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Re: Ironies abound

Josh Triplett <josh@freedesktop.org> wrote:

>> Did we ever find concrete evidence that TeX comes with a license to
>> create modified versions under different names? The copyright notice
>> at the top of tex.web presents only the patch option, and
>> /usr/share/doc/tetex-bin/copyright is not of much help.

Our copyright file is a nightmare, we really *ought* to sort out which
file is under which copyright and license, and document that.  I still
hope we'll manage it for etch.  As for tex.web, the notice at the top is
misleading, it seems to assume that copying means that the name is
unchanged.  Later in the file, it is written:

| If this program is changed, the resulting system should not be called
| `\TeX'; the official name `\TeX' by itself is reserved
| for software systems that are fully compatible with each other.
| A special test suite called the ``\.{TRIP} test'' is available for
| helping to determine whether a particular implementation deserves to be
| known as `\TeX' [cf.~Stanford Computer Science report CS1027,
| November 1984].

> Some searching around led to an article "The Future of TeX and
> Metafont", written by Knuth, a copy of which is available at
> <http://www.tug.org/tex-archive/digests/tex-mag/v5.n1>.  From this article:
>> I have put these systems into the public domain so that people
>> everywhere can use the ideas freely if they wish.
> [...]
>> anybody can make use of my programs in whatever way they wish, as
>> long as they do not use the names TeX, Metafont, or Computer Modern.
> [followed by conditions for using the names based on a test suite]

The wikipedia article for TeX is also a starting point, it leads to a
different article by DEK.  It's split into two pdf files, the beginning
is in http://www.tug.org/TUGboat/Articles/tb07-2/tb15gordon.pdf, the
interesting part in
http://www.tug.org/TUGboat/Articles/tb07-2/tb15knut.pdf where he also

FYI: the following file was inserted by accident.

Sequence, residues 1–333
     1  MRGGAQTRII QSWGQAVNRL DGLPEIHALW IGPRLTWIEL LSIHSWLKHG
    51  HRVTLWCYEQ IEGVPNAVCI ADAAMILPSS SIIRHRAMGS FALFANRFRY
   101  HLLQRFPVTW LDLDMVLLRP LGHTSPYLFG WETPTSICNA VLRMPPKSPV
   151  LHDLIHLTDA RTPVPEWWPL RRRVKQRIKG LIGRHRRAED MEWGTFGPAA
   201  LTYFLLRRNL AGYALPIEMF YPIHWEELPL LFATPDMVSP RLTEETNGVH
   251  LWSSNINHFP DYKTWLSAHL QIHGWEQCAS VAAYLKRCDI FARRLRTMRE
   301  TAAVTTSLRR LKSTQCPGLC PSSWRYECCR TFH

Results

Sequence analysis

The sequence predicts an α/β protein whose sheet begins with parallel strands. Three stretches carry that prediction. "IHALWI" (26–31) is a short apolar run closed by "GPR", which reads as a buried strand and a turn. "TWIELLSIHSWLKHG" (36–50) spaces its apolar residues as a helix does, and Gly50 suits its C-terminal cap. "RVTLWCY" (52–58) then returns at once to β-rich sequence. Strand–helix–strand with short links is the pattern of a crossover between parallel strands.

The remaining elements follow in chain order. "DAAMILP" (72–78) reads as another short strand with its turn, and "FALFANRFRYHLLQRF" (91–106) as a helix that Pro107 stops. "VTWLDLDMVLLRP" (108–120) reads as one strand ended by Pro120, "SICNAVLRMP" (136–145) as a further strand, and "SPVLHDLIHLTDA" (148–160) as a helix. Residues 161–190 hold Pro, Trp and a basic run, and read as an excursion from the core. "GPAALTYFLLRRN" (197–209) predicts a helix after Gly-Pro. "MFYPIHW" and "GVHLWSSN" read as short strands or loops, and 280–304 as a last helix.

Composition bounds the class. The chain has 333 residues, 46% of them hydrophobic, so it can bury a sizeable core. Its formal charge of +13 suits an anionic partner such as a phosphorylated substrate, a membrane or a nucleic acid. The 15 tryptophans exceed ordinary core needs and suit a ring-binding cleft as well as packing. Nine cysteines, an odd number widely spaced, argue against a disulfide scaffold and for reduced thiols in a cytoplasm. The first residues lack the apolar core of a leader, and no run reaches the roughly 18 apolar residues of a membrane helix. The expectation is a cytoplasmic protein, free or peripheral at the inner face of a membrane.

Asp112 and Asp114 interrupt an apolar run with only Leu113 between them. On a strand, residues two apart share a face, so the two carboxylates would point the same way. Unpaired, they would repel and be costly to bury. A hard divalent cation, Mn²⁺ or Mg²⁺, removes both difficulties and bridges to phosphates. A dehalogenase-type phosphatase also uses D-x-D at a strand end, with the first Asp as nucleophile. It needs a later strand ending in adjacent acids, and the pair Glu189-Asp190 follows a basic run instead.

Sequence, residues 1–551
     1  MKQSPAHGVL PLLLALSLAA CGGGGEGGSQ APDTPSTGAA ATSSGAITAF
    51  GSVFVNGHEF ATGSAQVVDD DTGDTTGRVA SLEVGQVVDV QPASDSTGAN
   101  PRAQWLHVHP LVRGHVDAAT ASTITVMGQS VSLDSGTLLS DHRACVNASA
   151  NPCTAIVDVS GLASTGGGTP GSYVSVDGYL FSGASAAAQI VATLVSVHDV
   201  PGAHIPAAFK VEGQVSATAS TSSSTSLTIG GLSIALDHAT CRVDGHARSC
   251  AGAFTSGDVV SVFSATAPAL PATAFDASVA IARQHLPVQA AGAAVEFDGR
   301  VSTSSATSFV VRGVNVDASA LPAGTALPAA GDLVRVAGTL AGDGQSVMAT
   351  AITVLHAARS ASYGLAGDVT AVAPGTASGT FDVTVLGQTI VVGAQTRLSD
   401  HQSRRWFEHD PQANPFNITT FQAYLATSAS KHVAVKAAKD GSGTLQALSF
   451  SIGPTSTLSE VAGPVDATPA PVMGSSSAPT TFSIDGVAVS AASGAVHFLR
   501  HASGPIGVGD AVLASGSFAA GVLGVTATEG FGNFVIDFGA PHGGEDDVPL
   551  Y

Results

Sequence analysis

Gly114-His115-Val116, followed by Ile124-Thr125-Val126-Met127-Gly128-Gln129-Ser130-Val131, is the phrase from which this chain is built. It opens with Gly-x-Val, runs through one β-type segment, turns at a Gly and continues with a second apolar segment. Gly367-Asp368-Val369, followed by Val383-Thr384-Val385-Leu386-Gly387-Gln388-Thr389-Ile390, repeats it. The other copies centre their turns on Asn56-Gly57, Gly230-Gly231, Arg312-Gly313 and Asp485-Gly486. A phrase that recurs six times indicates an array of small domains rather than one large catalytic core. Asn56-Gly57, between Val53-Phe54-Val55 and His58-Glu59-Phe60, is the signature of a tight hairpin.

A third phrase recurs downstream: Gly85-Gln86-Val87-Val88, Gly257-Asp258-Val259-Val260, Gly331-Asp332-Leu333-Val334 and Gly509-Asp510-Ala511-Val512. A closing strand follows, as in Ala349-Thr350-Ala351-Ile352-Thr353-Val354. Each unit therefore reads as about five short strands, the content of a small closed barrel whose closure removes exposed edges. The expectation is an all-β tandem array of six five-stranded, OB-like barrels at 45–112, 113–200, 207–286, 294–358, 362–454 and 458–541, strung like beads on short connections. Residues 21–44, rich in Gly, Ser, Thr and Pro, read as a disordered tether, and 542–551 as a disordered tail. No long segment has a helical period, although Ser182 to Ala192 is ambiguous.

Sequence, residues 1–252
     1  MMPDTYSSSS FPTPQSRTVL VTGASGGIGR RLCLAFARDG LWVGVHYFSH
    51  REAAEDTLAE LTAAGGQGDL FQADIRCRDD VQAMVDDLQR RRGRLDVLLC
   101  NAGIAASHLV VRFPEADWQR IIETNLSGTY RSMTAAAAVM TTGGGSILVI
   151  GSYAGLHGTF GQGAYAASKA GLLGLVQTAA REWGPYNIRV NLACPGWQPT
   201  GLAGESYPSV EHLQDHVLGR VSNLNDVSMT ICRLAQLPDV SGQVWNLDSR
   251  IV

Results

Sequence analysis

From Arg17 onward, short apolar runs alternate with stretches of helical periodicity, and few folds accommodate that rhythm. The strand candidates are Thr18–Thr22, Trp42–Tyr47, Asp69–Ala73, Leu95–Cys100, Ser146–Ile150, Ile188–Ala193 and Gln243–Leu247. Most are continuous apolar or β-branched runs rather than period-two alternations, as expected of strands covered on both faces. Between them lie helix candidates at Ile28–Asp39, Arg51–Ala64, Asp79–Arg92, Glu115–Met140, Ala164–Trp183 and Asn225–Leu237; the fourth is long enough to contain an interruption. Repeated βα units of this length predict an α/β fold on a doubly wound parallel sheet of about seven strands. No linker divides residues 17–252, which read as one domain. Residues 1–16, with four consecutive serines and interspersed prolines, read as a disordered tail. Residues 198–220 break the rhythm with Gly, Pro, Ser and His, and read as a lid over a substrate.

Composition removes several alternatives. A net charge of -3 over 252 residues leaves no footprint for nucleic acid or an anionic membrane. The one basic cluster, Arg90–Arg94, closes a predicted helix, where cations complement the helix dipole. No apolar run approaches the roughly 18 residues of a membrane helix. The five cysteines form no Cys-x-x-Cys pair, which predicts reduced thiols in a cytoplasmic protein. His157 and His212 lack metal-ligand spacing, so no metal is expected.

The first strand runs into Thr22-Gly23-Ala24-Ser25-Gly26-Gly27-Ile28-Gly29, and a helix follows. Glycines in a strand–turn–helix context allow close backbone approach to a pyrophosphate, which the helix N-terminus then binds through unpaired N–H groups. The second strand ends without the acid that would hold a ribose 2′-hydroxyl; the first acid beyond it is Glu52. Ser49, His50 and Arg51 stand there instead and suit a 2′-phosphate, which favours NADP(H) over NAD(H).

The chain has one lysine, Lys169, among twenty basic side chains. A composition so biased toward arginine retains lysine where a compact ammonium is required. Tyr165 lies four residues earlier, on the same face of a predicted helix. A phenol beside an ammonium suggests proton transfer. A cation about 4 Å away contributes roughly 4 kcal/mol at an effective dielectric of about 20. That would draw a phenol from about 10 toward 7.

| All of the methods described in these books are in the public domain;
| thus anybody can freely use any of the ideas. The only thing I'm
| retaining control of is the names, TeX and METAFONT: products that go
| by this name are are obliged to conform to the standard. If any
| changes are made, I won't complain, as long as the changed systems are
| not called TeX or METAFONT.9

> Further searching reveals several sources that indicate the American
> Mathematical Society obtained a trademark on the name TeX for the
> purposes of enforcing those conditions.  Given the limitations on the
> scope of such a trademark, I don't believe this can render the program
> non-free.  In the worst case, it might be necessary to expunge
> non-functional references to the names before making modifications.

Do you have links or references for this trademark thingie?  I read it
so many times that I tend to believe it's true, but never found and
conclusive evidence...

> As far as LaTeX goes, the LPPL has been fixed, though there is still a
> need to do a license audit to check for packages which add additional
> restrictions.

... and for packages with non-free docs.  Any help is appreciated.

Regards, Frank
Frank Küster
Single Molecule Spectroscopy, Protein Folding @ Inst. f. Biochemie, Univ. Zürich
Debian Developer (teTeX)

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